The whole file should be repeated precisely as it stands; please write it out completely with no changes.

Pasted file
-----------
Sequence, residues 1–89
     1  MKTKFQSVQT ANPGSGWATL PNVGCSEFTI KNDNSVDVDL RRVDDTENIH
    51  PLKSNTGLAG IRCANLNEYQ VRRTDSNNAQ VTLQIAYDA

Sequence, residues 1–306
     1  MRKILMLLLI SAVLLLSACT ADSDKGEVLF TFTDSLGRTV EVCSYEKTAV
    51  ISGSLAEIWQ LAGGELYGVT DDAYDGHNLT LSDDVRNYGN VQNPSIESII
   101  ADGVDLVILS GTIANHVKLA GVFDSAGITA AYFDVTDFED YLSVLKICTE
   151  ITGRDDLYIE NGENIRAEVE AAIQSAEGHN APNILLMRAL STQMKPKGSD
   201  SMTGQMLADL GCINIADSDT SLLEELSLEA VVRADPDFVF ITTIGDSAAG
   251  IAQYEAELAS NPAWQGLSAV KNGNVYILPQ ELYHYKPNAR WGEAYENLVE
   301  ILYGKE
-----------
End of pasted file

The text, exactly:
Sequence, residues 1–89
     1  MKTKFQSVQT ANPGSGWATL PNVGCSEFTI KNDNSVDVDL RRVDDTENIH
    51  PLKSNTGLAG IRCANLNEYQ VRRTDSNNAQ VTLQIAYDA

Sequence, residues 1–306
     1  MRKILMLLLI SAVLLLSACT ADSDKGEVLF TFTDSLGRTV EVCSYEKTAV
    51  ISGSLAEIWQ LAGGELYGVT DDAYDGHNLT LSDDVRNYGN VQNPSIESII
   101  ADGVDLVILS GTIANHVKLA GVFDSAGITA AYFDVTDFED YLSVLKICTE
   151  ITGRDDLYIE NGENIRAEVE AAIQSAEGHN APNILLMRAL STQMKPKGSD
   201  SMTGQMLADL GCINIADSDT SLLEELSLEA VVRADPDFVF ITTIGDSAAG
   251  IAQYEAELAS NPAWQGLSAV KNGNVYILPQ ELYHYKPNAR WGEAYENLVE
   301  ILYGKE